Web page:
It’s an age-old debate within tabletop circles. How much do players need to feel immersed in their game? On one end are the pen and paper purists, who believe wholly in the theater of the mind that makes up an essential part of all roleplaying, where all you need is an imagination and a good story to have an adventure. On the other end are the miniature mavens, the map makers, the handout heroes; the people who revel in their senses. They not only love a map for their battles and minis for their characters, but they also love epic battlegrounds to battle through. Each part of a dungeon has its own soundtrack, its own smell, its own detailed illustration or even 3-D model. Even the clues and items the PC’s find are physically made and stressed to look authentic.
I never understood people in the latter group.
As both a DM and a player, I’d always fallen into the first camp. Maybe it was just an arrogant belief in my own imagination or, as a DM, in my abilities as a storyteller. Maybe it was a lack of resources, considering most of my formative tabletop years were my middle and high school years. Maybe it was plain laziness. But no matter the underlying reason, I never quite “got” the point of all of the big flashy things. Hell, I never even really used minis (D&D Fourth Edition and its obsession with them didn’t help). But that changed once I got my hands on a Beadle & Grimm’s box. With the maps, images, and other little trinkets (henceforth called “feelies”) included in their boxes, I realized some of the things I’d been missing out on at the table.
Enhancing, Not Replacing, Imagination
As a player, being able to physically hold the things I’ve found or am given is actually a very gratifying experience. The best example isn’t actually the little badges or trinkets included in the different boxes (although they are very neat), it’s the in-game documents. D&D books, and most tabletop RPG’s, make references in adventures to handouts for the DM to print out or replicate for the players (the quality of which depends on the DM’s time and resources). I’d never really held truck with them until the B&G boxes, but after them I discovered they’re borderline essential. There are a lot of in-game notes, flyers, books, maps etc. that characters get and then just…never use again, and god forbid you have to actually remember what a bit of info said. With physical papers, it actually feels like you’re pulling a document out of your bag to help solve a puzzle or connect the dots on an investigation.
The key with any of these little additions is that they don’t limit your ability to imagine, as pen and paper purists might claim. Instead, they make it easier to immerse yourself in the world by filling in the basic stuff and letting you focus on everything else. Why waste time trying to remember random info when you, like your character, have that info on a sheet?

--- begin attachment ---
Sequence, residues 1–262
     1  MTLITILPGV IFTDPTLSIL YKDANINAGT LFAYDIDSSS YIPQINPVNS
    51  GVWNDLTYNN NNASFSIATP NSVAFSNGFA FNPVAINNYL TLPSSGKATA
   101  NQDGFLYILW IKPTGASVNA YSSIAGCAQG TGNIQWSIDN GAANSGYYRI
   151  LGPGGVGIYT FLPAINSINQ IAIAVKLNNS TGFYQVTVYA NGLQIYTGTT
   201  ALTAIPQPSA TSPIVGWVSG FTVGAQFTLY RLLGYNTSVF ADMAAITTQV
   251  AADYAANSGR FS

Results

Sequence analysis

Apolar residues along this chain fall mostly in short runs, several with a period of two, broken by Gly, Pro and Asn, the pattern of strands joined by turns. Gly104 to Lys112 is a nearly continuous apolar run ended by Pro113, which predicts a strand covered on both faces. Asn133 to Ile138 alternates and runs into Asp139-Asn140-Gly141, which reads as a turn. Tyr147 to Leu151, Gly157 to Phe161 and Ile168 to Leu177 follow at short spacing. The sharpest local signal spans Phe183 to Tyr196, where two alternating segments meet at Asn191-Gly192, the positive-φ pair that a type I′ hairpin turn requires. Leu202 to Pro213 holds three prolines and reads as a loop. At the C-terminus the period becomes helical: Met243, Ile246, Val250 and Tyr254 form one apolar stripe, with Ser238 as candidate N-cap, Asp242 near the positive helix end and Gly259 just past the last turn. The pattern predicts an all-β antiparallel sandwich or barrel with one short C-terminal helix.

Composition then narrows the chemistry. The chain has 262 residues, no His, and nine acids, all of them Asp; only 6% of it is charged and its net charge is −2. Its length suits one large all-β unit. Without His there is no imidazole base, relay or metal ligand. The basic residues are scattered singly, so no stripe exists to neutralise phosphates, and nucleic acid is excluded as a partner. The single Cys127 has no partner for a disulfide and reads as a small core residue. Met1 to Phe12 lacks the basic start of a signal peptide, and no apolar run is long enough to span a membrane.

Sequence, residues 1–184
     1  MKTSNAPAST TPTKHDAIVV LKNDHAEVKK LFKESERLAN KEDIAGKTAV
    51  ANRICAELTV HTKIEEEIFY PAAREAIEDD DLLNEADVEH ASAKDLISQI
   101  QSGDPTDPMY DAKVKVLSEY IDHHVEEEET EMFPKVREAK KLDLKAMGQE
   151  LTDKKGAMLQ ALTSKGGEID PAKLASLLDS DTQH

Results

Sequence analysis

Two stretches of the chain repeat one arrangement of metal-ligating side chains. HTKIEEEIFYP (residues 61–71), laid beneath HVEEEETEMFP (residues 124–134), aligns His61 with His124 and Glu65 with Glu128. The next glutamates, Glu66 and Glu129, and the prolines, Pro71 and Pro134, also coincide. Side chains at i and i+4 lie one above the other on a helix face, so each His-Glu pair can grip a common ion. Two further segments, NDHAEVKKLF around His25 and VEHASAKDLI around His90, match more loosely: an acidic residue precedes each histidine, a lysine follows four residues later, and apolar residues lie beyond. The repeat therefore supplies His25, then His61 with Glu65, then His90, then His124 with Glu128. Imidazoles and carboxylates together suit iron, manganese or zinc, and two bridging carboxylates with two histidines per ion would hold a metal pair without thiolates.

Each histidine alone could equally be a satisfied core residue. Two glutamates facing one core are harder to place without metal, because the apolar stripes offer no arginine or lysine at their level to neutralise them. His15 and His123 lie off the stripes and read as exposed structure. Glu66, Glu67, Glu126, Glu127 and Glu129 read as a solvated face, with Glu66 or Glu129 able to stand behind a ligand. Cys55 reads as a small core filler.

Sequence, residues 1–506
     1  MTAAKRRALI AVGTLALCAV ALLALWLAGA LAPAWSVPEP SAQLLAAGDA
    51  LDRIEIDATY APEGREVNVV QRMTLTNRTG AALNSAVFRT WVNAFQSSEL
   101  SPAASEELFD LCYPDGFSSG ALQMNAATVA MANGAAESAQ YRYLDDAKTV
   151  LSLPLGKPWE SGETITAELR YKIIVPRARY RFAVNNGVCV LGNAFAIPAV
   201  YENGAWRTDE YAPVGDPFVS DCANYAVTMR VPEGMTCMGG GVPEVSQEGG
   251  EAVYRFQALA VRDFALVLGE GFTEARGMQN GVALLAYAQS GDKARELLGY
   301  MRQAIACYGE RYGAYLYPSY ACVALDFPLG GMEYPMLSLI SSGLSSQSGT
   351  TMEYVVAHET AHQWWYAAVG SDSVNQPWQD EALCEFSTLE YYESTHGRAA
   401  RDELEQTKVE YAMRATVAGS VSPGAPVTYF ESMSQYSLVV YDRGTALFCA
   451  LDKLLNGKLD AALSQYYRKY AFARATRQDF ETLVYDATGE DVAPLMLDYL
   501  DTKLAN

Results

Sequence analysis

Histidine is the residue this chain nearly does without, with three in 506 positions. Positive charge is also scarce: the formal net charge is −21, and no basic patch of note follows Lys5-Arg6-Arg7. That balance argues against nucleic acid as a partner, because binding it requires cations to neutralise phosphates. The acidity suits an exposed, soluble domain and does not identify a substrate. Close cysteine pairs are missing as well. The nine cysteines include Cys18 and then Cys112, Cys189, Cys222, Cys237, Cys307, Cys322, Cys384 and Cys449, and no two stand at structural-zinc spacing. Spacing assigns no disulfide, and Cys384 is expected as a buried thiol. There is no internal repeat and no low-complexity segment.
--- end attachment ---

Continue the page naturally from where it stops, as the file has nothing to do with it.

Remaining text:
Make A Time Save
On the other side of the screen, these little things save up so much time and energy as a DM. Obviously, when you’re running something like Ghosts of Saltmarsh or Descent Into Avernus, you’re also benefiting from a preset adventure and such. Even then, being able to pass things out to players so they can more easily engage with the world makes a DM’s job so much easier. You don’t have to go into needless details because they have the page in front of them, or the badge, or even the big-ass soul coin they just earned. Plus, Beadle & Grimm’s adds in lots of other little things to help out DM’s, my favorite being the info cards that sit on the DM Screen so that players see exactly what the hell they’re fighting while you see it’s stats without having to flip back and forth between the appendices and the main plot or, god forbid, between splatbooks.
Even if you’re not doing a pre-gen, or not using a Beadle & Grimm’s edition, these little touches do a lot for the game. Using these things has really been a lesson in “less is more,” and even if you don’t use as much or even do as much detail, actually creating the totems and things from your campaign can be a big help. Hell, even a rudimentary thing printed off in black and white can go a long way to taking your game to the next level.
The moral of the story is this: find your balance. There’s no reason to be a purist for the pen and paper, but you should in no way feel that you have to go all out in your DMing (nor should you expect it as a player). Even the Beadle & Grimm’s Editions aren’t nearly as hardcore as they could be, but you don’t even need them. Stay within your means as best you can, or maybe ask your players to chip in. The key is making sure your story is the best it can be, that your adventure is as epic as it can be, and that everyone at the table has as much fun as humanly (or elfishly, or dwarfishly, or goblinishly) as possible.